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Detroit done

Avs close out Red Wings with 4-2 Game 5 win

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Posted: Saturday May 06, 2000 10:46 AM

  Colorado's Eric Messier pins Red Wing Aaron Ward against the boards and gets an extra hit with a glove in the face. AP

DENVER (AP) -- Peter Forsberg 5, Steve Yzerman 0.

In a series of dueling superstars, Colorado's Forsberg forged a clear goal-scoring advantage on Detroit's Yzerman, and the Avalanche eliminated the Red Wings from the NHL playoffs with a 4-2 victory Friday night.

Forsberg's fifth goal of the playoffs -- and his fourth game-winner -- helped Colorado claim the best-of-seven Western Conference semifinal series 4-1.

The Avalanche advance to the conference finals against either Dallas or San Jose. Dallas leads that series 3-1.

It marked the second straight year Colorado ousted its archrival in the second round. Since moving from Quebec in 1995, the Avalanche are 4-0 in second-round series.

"Sometimes you score a bunch of goals and never get a game-winner," Forsberg said, "so I'll take it."

Forsberg's first winner came in the clinching game of the first-round series against Phoenix. His other three came in each of Colorado's home games in this series.

"It has been a bad season for me," Forsberg said, referring to a spate of injuries during the regular season. "I've been looking forward to the playoffs. I wasn't feeling that great coming into the playoffs, but I'm playing better and better. Hopefully, we'll get a few days off now and go for the next round."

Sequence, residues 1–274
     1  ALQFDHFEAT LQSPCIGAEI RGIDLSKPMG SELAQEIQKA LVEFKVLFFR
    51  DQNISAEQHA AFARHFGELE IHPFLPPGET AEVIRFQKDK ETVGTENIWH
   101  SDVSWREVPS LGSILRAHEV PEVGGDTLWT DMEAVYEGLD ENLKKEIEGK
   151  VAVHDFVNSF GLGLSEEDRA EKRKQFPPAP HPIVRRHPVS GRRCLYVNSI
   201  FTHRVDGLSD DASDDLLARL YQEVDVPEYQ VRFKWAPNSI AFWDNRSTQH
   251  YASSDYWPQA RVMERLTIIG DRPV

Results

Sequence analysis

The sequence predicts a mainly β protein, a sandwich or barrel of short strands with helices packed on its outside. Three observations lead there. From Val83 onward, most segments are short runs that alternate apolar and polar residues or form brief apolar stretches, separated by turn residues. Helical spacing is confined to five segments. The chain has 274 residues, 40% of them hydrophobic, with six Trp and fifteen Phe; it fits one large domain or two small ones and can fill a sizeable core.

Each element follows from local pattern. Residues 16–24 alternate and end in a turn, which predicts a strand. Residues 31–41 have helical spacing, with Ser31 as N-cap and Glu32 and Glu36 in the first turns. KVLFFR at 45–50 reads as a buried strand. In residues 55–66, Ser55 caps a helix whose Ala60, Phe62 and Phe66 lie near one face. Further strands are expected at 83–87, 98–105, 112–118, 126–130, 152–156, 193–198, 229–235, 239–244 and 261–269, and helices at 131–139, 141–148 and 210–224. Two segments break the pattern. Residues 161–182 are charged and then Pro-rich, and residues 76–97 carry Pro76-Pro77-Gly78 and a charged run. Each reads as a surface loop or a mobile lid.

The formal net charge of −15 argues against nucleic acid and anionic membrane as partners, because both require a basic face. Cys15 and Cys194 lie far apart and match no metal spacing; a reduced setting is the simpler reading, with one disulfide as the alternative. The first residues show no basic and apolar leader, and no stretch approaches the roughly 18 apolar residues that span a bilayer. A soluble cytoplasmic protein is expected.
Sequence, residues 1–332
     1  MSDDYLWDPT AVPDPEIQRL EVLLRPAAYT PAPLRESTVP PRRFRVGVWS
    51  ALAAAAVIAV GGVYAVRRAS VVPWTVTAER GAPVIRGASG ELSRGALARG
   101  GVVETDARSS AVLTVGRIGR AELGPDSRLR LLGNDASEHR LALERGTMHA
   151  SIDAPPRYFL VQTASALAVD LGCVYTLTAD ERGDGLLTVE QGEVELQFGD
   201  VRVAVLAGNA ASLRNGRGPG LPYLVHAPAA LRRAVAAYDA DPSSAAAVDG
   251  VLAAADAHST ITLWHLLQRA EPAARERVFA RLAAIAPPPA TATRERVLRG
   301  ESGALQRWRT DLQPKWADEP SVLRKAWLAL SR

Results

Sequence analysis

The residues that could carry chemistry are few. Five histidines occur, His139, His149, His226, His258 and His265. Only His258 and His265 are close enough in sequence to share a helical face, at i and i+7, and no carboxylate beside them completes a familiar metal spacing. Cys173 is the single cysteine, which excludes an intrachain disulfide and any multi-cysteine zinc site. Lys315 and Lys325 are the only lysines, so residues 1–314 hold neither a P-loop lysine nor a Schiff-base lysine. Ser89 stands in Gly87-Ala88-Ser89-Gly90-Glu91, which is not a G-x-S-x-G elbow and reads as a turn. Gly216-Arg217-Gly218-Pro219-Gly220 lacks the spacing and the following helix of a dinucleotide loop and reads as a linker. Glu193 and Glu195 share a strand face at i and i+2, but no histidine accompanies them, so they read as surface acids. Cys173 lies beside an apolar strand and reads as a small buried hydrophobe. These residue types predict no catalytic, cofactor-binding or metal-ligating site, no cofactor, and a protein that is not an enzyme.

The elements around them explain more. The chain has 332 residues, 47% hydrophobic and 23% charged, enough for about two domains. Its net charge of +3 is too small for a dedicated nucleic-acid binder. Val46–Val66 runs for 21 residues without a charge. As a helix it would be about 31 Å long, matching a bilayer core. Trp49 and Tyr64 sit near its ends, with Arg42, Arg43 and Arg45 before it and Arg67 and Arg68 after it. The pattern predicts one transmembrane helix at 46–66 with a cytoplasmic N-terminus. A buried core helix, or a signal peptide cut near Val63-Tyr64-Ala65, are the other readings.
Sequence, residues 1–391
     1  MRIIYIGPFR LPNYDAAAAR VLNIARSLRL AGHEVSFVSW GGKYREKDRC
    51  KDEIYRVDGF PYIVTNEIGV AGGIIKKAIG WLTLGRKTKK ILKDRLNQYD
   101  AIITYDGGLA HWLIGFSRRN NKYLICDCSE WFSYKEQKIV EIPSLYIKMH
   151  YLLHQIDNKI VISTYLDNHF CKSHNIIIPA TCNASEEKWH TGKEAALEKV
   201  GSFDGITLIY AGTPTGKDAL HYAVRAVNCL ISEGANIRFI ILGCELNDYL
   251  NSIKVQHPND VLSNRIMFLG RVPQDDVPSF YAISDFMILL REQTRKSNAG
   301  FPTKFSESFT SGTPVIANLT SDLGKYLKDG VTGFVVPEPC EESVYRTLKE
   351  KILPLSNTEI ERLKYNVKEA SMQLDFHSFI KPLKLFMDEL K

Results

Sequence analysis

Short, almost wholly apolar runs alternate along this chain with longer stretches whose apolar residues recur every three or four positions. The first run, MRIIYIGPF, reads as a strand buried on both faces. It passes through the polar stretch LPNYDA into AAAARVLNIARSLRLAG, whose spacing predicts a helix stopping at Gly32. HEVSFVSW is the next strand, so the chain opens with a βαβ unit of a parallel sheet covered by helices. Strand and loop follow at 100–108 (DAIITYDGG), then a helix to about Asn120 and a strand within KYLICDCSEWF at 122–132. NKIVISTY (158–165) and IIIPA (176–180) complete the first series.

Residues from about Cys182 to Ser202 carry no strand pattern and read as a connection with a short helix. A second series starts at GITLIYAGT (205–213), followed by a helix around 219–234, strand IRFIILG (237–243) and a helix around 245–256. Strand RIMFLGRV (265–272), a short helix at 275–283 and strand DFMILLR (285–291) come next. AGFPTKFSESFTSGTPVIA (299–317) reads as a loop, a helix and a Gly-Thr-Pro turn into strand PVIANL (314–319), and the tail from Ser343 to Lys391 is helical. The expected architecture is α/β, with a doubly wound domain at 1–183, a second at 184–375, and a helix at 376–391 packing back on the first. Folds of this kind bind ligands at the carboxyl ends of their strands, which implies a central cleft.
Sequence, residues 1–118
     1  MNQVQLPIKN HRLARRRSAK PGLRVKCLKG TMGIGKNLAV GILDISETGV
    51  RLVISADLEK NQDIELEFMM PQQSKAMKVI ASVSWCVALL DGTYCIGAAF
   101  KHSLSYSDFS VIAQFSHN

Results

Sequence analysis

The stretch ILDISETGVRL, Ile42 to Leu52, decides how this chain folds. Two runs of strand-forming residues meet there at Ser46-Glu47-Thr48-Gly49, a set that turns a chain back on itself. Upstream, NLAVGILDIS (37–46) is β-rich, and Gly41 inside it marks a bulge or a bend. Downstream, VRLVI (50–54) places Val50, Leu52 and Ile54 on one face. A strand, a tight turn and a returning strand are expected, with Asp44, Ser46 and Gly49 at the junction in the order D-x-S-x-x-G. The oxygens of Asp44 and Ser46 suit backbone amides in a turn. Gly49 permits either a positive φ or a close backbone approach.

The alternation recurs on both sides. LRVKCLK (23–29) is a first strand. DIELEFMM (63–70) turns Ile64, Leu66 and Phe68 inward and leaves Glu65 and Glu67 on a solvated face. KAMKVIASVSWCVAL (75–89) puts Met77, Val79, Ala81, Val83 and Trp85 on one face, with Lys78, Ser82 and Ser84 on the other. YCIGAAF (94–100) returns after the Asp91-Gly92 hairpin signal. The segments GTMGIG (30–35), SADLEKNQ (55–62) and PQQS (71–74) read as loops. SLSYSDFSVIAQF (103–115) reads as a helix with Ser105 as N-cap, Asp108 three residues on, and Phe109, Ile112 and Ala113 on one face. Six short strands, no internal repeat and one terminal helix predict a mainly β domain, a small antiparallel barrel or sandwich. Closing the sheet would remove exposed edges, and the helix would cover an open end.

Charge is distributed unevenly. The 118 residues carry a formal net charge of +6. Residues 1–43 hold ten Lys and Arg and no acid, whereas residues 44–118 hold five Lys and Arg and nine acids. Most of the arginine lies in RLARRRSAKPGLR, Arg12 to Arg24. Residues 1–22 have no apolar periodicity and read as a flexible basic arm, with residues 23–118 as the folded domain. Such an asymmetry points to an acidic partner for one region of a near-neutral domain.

CNNSI.com Analysis
Darren Eliot
The Colorado Avalanche and the Detroit Red Wings are bitter rivals, meeting in the playoffs for the fourth time in five years. But this rivalry is becoming decidedly one-sided, as the Avalanche eliminated the Red Wings in five games.

Why was this series not nearly as competitive as everyone expected? First, tight checking, bad bounces and bad breaks conspired to keep Steve Yzerman scoreless for the first post-season of his career. After all these many years, the Red Wings still rely on Yzerman's offense, especially in critical situations.

Second, Chris Osgood failed to make necessary stops, while Patrick Roy made tough chances routine at the other end.

Next, the Red Wings had several veterans display frustration, manifested by a few undisciplined penalties. Brendan Shanahan, in particular, seemed more intent on using his stick to inflict pain in the early stages of Game 5 rather than to score goals.

Finally, the Avalanche displayed a collective hunger that was lacking on the part of the Red Wings. Eric Messier out-hustling Nicklas Lidstrom to nullify an icing call, leading to the fourth goal and an insurmountable lead, was the perfect example.

So, Colorado emerges victorious for the third time at the expense of the Red Wings, leaving them frustrated and forlorn. More importantly, the 'lanche are on their way to the Conference Finals for the fourth time in five years.

 
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Yzerman, who has scored 627 career goals but who failed to score a goal in either the first-round series against Los Angeles or against Colorado, was very dejected after the loss.

"You never enjoy losing," he said. "We were close, just not quite good enough. That is what is disappointing. We are frustrated, because we played pretty hard and had a good effort. We just didn't get it done.